If it's not a traditional version of the character, though, it's a frequently-enjoyable one, in large part because Benedict Cumberbatch embraces the snootiness behind that characterization. Early on, when he tells jokes, the audience can hear how he thinks the other person is lucky to hear it, and he doesn't soften the arrogance and self-pity before he needs to. Even as he embraces his heroic side, there's a sense that the words don't come naturally. The attitude also makes some CGI-enhanced physical comedy even funnier.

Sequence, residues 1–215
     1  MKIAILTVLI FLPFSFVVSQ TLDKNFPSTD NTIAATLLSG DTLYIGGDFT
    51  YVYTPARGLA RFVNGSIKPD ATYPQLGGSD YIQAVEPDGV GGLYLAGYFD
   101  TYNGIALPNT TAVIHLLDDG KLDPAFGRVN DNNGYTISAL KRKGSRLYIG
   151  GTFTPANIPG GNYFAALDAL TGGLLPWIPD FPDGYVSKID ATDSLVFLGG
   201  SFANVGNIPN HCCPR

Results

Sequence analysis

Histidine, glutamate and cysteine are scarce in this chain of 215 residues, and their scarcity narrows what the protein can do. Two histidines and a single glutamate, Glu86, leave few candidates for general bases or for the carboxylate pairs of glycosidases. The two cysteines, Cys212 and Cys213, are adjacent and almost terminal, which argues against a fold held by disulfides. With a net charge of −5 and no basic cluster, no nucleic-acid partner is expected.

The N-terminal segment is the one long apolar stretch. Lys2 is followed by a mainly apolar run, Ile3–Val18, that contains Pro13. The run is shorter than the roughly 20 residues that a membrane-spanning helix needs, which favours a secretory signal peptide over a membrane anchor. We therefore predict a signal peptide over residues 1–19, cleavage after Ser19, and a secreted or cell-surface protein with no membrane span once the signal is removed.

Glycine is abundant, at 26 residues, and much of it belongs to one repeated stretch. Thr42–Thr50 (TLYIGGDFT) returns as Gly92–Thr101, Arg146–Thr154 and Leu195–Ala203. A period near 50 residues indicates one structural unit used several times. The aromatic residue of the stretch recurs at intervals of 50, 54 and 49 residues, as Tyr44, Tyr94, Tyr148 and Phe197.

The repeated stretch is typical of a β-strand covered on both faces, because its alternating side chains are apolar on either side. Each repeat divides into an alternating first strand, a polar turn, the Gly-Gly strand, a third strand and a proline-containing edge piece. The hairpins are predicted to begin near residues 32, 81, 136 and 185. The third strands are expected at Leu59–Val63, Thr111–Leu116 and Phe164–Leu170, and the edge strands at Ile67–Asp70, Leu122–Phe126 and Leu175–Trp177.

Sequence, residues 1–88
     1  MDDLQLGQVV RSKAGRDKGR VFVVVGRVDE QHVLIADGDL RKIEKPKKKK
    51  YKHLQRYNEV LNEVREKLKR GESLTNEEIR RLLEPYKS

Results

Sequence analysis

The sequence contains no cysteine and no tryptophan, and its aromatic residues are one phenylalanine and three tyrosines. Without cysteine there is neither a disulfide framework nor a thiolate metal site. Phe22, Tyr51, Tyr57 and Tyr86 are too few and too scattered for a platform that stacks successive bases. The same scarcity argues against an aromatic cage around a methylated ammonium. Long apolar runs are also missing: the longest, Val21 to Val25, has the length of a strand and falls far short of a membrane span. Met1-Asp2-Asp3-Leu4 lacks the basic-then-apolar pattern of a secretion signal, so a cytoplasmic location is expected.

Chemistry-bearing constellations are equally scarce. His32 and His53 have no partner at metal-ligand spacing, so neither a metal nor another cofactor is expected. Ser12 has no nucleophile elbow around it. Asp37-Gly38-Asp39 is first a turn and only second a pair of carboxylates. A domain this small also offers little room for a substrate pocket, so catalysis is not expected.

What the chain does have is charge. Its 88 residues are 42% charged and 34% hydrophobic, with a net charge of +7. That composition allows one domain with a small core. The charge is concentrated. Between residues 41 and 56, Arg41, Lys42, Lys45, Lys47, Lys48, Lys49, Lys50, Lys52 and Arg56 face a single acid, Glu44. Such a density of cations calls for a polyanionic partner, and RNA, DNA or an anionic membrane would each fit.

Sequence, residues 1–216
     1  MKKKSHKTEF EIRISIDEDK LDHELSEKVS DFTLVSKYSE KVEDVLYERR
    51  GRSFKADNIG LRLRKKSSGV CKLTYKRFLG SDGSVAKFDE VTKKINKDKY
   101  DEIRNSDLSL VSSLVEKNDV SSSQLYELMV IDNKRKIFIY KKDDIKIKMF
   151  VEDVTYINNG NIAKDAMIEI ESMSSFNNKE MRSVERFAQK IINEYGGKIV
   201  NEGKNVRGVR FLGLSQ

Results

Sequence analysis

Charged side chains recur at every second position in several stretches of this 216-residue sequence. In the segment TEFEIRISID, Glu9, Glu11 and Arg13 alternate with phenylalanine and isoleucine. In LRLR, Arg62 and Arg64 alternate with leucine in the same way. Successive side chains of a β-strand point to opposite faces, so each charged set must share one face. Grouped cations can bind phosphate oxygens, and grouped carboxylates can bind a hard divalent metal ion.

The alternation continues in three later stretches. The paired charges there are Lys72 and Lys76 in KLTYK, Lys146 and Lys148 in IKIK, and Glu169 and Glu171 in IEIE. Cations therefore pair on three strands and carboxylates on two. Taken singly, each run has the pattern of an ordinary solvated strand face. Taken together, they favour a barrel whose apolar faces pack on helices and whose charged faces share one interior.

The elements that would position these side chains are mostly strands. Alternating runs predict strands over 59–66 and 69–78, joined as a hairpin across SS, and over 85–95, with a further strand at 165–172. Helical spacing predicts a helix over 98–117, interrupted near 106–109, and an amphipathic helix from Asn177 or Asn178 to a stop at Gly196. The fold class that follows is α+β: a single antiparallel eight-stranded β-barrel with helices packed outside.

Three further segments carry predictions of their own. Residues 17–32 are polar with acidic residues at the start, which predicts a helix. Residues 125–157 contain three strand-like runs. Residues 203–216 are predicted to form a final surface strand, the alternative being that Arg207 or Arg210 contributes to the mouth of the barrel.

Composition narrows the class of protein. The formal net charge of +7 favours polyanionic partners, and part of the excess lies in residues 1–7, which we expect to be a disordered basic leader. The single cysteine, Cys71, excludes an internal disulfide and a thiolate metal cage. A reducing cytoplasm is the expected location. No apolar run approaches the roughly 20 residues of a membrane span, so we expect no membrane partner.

It doesn't hurt to be playing against a heck of a good cast, though it's a pity that Rachel McAdams is stuck giving life to a role that is something like sixty percent bearing the brunt of Strange's crappy attitude and thirty percent forgiving him, the sort of barely-necessary character that needs someone that good to work but can't help underscore how she's underused. Mads Mikkelsen is not quite in the same boat, if only because being the bad guy gives him a lot more opportunities to turn let something drip off a phrase or try to whither somebody - he makes Kaecilius a lot more fun to watch than the average Marvel villain even if he doesn't quite have the hook or outsize personality that makes one want to see him and Strange clash again. The allies, on the other hand, are a blast: Benedict Wong gives his namesake character great deadpan reactions while still coming off as formidable, while Chiwetel Ejiofor gives Mordo great personal charisma despite being more harsh than Strange just as often as he's more friendly. And while a lot of words have been written about the politics and optics of casting Tilda Swinton as The Ancient One - a character that has been a Tibetan man since the first Doctor Strange story - she owns the part of this Master of the Mystic Arts, making The Ancient One feel like she's detached from any specific time but having both a lack of ego and an iron will. She's terrific no matter who she's paired with, be it Cumberbatch, Mikkelsen, or Eiofor, bringing a spark to moments that could easily be ridiculous.